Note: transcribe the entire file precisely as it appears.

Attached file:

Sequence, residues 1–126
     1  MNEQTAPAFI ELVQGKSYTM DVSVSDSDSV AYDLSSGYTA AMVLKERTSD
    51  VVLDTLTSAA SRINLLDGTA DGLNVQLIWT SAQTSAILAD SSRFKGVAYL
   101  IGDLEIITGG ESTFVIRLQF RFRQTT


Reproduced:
Sequence, residues 1–126
     1  MNEQTAPAFI ELVQGKSYTM DVSVSDSDSV AYDLSSGYTA AMVLKERTSD
    51  VVLDTLTSAA SRINLLDGTA DGLNVQLIWT SAQTSAILAD SSRFKGVAYL
   101  IGDLEIITGG ESTFVIRLQF RFRQTT